Special economic zone

From Wikipedia, the free encyclopedia
Jump to: navigation, search
Not to be confused with Exclusive economic zone.

A special economic zone (SEZ) is an area in which business and trade laws differ from the rest of the country. SEZs are located within a country's national borders, and their aims include: increased trade, increased investment, job creation and effective administration. To encourage businesses to set up in the zone, financial policies are introduced. These policies typically regard investing, taxation, trading, quotas, customs and labour regulations. Additionally, companies may be offered tax holidays, where upon establishing in a zone they are granted a period of lower taxation.

The creation of special economic zones by the host country may be motivated by the desire to attract foreign direct investment (FDI).[1][2] The benefits a company gains by being in a special economic zone may mean it can produce and trade goods at a lower price, aimed at being globally competitive.[1][3] In some countries the zones have been criticized for being little more than Chinese labor camps, with workers denied fundamental labor rights.[4][5]

Definition[edit]

The operating definition of a SEZ is determined individually by each country. According to the World Bank in 2008, the modern day special economic zone typically includes a "geographically delimited area, usually physically secured (fenced-in); single management/administration; eligibility for benefits based upon physical location within the zone; separate customs area (duty-free benefits) and streamlined procedures."[6]

History[edit]

Free zones and Entrepôts have been used for centuries to guarantee free storage and exchange along trade routes.[citation needed]

Modern SEZs appeared from late 1950s in industrial countries. The first was in Shannon Airport in Clare, Ireland.[7] From the 1970s onward, zones providing labor-intensive manufacturing have been established, starting in Latin America and East Asia. These zones attracted investment from multinational corporations.[1]

A recent trend has been for African countries to set up SEZs in partnership with China.[2]

Types[edit]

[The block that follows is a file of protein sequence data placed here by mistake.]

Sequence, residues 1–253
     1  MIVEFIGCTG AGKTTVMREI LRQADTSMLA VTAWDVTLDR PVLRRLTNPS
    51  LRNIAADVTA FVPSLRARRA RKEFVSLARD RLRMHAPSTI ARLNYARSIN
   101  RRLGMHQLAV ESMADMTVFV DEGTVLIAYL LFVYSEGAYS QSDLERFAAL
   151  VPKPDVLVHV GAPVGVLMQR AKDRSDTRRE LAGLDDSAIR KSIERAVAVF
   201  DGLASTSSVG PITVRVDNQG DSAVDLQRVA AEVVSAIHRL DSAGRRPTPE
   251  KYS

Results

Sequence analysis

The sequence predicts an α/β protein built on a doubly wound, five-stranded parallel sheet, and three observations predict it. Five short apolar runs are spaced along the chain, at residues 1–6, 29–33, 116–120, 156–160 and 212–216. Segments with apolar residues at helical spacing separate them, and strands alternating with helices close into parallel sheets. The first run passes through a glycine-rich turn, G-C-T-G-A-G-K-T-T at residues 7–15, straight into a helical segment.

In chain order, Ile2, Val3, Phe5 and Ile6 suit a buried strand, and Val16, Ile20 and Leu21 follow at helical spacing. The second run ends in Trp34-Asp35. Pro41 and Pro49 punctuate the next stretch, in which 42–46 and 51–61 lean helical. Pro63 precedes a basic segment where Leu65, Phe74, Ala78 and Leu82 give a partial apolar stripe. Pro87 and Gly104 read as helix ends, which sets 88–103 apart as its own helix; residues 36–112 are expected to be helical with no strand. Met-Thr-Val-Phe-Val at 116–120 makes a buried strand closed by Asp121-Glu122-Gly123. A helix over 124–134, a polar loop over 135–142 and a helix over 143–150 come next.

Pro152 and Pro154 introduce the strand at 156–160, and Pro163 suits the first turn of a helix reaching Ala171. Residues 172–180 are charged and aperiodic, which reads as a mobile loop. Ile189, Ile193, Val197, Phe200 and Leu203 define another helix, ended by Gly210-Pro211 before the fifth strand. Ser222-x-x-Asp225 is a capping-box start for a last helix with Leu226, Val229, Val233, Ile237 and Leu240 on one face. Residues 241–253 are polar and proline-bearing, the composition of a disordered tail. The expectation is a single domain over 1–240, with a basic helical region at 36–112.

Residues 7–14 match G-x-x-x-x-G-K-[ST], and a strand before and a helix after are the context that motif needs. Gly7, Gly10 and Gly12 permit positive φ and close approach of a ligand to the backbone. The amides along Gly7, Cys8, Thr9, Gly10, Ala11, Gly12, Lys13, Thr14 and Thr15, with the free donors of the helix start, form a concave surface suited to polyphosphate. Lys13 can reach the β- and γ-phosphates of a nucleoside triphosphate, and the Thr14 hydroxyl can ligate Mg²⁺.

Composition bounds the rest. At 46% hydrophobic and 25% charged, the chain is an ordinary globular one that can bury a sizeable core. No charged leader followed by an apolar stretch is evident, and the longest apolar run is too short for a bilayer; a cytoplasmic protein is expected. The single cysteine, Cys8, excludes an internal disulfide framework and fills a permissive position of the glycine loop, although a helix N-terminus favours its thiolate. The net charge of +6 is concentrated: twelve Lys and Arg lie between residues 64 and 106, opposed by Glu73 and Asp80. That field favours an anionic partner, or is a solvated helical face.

The term special economic zone can include:[1][8]

The World Bank created the following table to clarify distinctions between types of special economic zones:

Type [6] Objective Size Typical Location Typical Activities Markets
FTZ Support trade <50 hectares Port of entry Entrepôts and trade related Domestic, re-export
EPZ (traditional) Export manufacturing <100 hectares None Manufacturing, processing Mostly export
EPZ (single Unit/free enterprise) Export manufacturing No minimum Countrywide Manufacturing, processing Mostly export
EPZ (hybrid) Export manufacturing <100 hectares None Manufacturing, processing Export, domestic
Free port/SEZ Integrated development >1000 hectares None Multi-use Internal, domestic, export
Urban enterprise zone Urban revitalization <50 hectares Urban/rural Multi-use Domestic

Special economic zones by country[edit]

See also[edit]

References[edit]

  1. ^ a b c d "Special Economic Zones Progress, Emerging Challenges, and Future Directions" (PDF). Washington DC: The International Bank for Reconstruction and Development/The World Bank. 2011. Retrieved 25 May 2014. 
  2. ^ a b Woolfrey, Sean (2013). "Special economic zones and regional integration in Africa" (PDF). Trade Law Center. Retrieved 25 May 2014. 
  3. ^ "Goldman Sachs says reforms to create 110 mn jobs for economy in 10 yrs". Business Today. March 29, 2014. 
  4. ^ Watson, Peggy (July 23, 2012). "Sackings expose the harsh reality of Poland's junk jobs". The Guardian.
  5. ^ Młodawska, Agata (March 8, 2012). "Maciejewska: Kobiety w strefie pracowniczego bezprawia". Nowe Peryferie.
  6. ^ a b "Zone Definition", Special Economic Zone: Performance, Lessons Learned, and Implication for Zone Development, Washington DC: World Bank, 2008, pp. 9–11 
  7. ^ "Political priority, economic gamble". The Economist. April 4, 2015
  8. ^ Economic Zones in the ASEAN (PDF), United Nations Industrial Development Organization, 2015, p. 26 

Further reading[edit]

  • Chee Kian Leong, (2007) A Tale of Two Countries: Openness and Growth in China and India, Dynamics, Economic Growth, and International Trade, DEGIT Conference Paper pdf
  • Chee Kian Leong, (forthcoming) Special economic zones and growth in China and India: an empirical investigation, International Economics and Economic Policy. link
  • Thomas Farole, (2011) Special Economic Zones in Africa: Comparing Performance and Learning from Global Experiences, Washington, DC, World Bank

External links[edit]